Raising More Funding Than You're Worth

I've come across a handful of ambitious entrepreneurs that are still in the idea or vision stage of their startup. Even if they're the only ones in the "company," they tell me they're taking meetings with investors to try to raise 1 million dollars (or more). 

To those that are in that boat, here is a recent response I shared via email:

Lowering the implied valuation and/or elevating the amount of equity you are offering is what will make the opportunity more compelling to an investor.

Think of it all as just a simple math problem. 

The amount you're asking for + the perceived business opportunity = current valuation

With the above formula, the amount you ask for is your future working capital, which you use to build (more) value into the company. But since you don't have any products or revenue yet, the amount you ask for is much more expensive than it would be if it were a post-revenue or post-user raise.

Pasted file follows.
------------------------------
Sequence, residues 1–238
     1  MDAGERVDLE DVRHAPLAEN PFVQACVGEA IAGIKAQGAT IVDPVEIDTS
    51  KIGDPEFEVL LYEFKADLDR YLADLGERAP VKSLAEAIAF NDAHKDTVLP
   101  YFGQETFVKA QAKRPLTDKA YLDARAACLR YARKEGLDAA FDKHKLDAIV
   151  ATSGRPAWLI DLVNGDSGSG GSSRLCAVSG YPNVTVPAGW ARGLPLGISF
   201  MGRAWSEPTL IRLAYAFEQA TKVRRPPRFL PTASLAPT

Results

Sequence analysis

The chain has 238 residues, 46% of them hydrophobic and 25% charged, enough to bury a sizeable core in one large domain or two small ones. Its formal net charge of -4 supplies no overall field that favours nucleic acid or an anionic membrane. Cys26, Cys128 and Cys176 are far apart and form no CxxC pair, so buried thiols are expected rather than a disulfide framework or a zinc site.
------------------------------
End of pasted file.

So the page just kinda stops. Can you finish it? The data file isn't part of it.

For example, in order for an investor to get interested in something this early, they'd want at least 51% equity. That way, at least they'll have control of your great idea. For that, though, they won't even know how to evaluate your company without any financials, so they'll round up to some relatively low whole number like $50,000 and call it a day.  

Therefore, if you need $1 million, you better be worth at least that already. Otherwise, you either won't find an investor, or if you do, they'll be treating it more like a controlling acquisition of your idea/opportunity. 

If you are unwilling to accept such a low number, you need to PROVE how and why you're currently worth more than that. It's virtually impossible to raise any sum of money when you haven't built anything yet. No savvy investor will put more money into something than the entire company is worth. It would be considered a gift at that point. 

So my advice has always been to go out and create that value yourself. Now. 

  • Embody the brand you want to build everywhere you go.
  • Acquire a customer by forging a personal relationship with them. Repeat.
  • Learn to code (or build the product yourself).

Ultimately, there are plenty of better things to do today than to passively ask for capital.